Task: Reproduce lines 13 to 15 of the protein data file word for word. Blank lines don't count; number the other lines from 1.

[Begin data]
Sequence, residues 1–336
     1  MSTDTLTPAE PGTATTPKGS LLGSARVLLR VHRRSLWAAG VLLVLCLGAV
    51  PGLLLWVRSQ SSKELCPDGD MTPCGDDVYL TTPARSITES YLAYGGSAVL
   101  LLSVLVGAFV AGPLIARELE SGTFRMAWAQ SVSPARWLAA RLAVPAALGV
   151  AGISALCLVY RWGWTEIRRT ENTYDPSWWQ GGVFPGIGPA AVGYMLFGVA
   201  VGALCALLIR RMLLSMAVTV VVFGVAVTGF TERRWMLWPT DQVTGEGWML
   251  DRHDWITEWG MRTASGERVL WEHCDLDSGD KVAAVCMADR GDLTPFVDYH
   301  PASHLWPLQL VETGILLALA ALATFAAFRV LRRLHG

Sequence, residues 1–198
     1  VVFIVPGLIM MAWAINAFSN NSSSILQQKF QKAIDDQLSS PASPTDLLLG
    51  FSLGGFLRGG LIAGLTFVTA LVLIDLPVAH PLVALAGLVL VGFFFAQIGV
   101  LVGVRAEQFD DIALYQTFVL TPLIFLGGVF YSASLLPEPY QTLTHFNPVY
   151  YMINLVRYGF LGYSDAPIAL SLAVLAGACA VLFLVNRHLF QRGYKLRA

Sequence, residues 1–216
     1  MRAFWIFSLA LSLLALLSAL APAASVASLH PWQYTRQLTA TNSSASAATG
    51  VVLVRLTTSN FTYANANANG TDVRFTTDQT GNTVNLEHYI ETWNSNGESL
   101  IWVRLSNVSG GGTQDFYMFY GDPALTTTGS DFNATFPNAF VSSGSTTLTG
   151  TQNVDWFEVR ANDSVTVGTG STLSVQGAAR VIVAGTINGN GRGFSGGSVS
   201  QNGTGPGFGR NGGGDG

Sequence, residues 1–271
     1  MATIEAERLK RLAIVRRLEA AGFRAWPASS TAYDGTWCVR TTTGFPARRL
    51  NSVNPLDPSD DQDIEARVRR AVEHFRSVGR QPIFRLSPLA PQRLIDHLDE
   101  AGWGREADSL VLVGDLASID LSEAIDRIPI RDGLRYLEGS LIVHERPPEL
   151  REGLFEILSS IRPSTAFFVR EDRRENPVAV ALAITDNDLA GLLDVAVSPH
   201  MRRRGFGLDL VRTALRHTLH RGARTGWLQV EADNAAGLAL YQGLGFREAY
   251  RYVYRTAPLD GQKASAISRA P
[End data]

   151  YMINLVRYGF LGYSDAPIAL SLAVLAGACA VLFLVNRHLF QRGYKLRA

Sequence, residues 1–216
     1  MRAFWIFSLA LSLLALLSAL APAASVASLH PWQYTRQLTA TNSSASAATG